That next big thing is currently Generation Z, or people born after the turn of the century. It’s very convenient to lump them all together and claim they have a different set of values and expectations to those who went before. Allegedly, they are engaged in a quest for experience, compared to millennials – the 19-year-olds and 39-olds alike – supposedly all on a quest for relevance.

In reality, all are part of Generation #, latching onto the latest hashtag trend that sweeps social media, desperate to go viral if they are producers of social content, desperate to have caught onto the trend before their peers.

The irony is that marketers’ quest for cutting edge target markets is, in reality, a hangover from the days when there was no such thing as generational theory, and marketing was all about clearly defined target markets. In the era of big data and mass personalization, that idea seems rather quaint.

Indeed, according to Grant Lapping, managing director of DataCore Media, it no longer matters who brands think their target market is.

“The reason for this is simple: with the technology and data digital marketers have access to today, we no longer need to limit our potential target audience to a set of personas or segments derived through customer research. While this type of customer segmentation was – and remains – important for engagements across traditional above-the-line engagements in mass media, digital marketing gives us the tools we need to target customers on a far more granular and personalised level.

“Where customer research gives us an indication of who the audience is, data can tell us exactly what they want and how they may behave.”

Netflix, he points out, is an example of a company that is changing its industry by avoiding audience segmentation, once the holy grail of entertainment.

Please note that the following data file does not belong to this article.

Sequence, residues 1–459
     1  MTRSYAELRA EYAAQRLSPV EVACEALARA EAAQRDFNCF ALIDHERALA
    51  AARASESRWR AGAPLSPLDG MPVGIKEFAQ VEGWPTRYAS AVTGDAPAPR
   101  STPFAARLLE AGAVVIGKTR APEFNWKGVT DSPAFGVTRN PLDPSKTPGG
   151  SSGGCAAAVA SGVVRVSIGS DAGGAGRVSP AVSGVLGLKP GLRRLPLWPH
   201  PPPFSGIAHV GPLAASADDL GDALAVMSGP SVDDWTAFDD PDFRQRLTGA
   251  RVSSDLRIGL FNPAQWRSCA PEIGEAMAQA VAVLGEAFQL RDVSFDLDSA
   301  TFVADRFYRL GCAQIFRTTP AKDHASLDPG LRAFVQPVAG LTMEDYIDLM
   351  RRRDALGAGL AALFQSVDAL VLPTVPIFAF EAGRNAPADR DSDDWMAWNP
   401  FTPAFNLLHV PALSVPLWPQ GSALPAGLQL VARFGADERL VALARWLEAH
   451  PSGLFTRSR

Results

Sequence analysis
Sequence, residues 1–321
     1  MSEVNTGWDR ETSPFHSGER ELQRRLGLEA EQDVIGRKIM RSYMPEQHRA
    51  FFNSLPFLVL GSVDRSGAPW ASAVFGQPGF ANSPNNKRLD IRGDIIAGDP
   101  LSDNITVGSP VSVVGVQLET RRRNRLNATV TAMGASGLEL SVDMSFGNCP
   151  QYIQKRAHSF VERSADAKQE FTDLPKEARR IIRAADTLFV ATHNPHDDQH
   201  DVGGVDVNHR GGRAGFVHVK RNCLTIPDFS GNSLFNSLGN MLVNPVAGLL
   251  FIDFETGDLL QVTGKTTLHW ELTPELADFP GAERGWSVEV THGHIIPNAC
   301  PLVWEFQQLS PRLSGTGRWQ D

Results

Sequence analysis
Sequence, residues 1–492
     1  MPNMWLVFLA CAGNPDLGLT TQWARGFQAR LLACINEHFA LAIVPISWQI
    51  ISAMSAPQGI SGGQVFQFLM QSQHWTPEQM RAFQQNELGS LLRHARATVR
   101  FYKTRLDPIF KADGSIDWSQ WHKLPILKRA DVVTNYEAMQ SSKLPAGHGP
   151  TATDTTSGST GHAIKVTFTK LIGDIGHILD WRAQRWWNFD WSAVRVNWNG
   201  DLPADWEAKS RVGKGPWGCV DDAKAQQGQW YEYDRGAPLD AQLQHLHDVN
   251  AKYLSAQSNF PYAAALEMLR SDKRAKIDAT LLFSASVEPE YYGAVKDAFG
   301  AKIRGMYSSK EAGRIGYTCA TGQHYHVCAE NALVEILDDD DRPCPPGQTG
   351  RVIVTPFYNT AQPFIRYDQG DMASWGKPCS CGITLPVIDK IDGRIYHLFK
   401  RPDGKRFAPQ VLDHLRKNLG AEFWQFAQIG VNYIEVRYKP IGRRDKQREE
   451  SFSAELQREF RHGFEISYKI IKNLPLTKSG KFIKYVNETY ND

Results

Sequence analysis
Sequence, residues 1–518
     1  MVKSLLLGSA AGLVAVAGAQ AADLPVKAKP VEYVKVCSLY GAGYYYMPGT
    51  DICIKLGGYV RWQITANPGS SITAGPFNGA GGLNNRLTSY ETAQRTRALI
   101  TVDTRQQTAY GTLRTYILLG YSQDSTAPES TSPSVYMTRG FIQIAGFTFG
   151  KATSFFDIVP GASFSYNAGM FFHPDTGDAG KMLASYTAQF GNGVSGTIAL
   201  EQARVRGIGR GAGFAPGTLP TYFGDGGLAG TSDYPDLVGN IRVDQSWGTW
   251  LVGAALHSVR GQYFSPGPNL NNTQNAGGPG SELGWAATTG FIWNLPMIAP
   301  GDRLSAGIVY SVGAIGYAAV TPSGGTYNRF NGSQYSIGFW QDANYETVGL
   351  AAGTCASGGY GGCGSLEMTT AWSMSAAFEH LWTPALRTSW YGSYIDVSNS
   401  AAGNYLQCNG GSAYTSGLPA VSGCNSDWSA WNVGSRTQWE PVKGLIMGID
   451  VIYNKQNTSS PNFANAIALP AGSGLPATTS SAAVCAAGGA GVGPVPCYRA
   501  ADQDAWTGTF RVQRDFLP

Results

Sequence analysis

In other words, it understands that 20-year-olds and 40-year-olds are very different – but so is everyone in between.

* Arthur Goldstuck is founder of World Wide Worx and editor-in-chief of Follow him on Twitter and Instagram on @art2gee

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Robots coming to IFA



Robotics is no longer about mechanical humanoids, but rather becoming an interface between man and machine. That is a key message being delivered at next month’s IFA consumer electronics expo in Berlin. An entire hall will be devoted to IFA Next, which will not only offer a look into the future, but also show what form it will take.

The concepts are as varied as the exhibitors themselves. However, there are similarities in the various products, some more human than others, in the fascinating ways in which they establish a link between fun, learning and programming. In many cases, they are aimed at children and young people.

The following will be among the exhibitors making Hall 26 a must-visit:

Leju Robotics (Stand 115) from China is featuring what we all imagine a robot to be. The bipedal Aelos 1s can walk, dance and play football. And in carrying out all these actions it responds to spoken commands. But it also challenges young researchers to apply their creativity in programming it and teaching it new actions. And conversely, it also imparts scholastic knowledge.

Cubroid (Stand 231, KIRIA) from Korea starts off by promoting an independent approach to the way it deals with tasks. Multi-functional cubes, glowing as they play music, or equipped with a tiny rotating motor, join together like Lego pieces. Configuration and programming are thus combined, providing a basic idea of what constitutes artificial intelligence.

Spain is represented by Ebotics (Stand 218). This company is presenting an entire portfolio of building components, including the “Mint” educational program. The modular system explains about modern construction, programming and the entire field of robotics.

Elematec Corporation (Stand 208) from Japan is presenting the two-armed SCARA, which is not intended to deal with any tasks, but in particular to assist people with their work.

Everybot (Stand 231, KIRIA) from Japan approaches the concept of robotics by introducing an autonomous floor-cleaning machine, similar to a robot vacuum cleaner.

And Segway (Stand 222) is using a number of products to explain the modern approach to battery-powered locomotion.

IFA will take place at the Berlin Exhibition Grounds (ExpoCenter City) from 6 to 11 September 2019. For more information, visit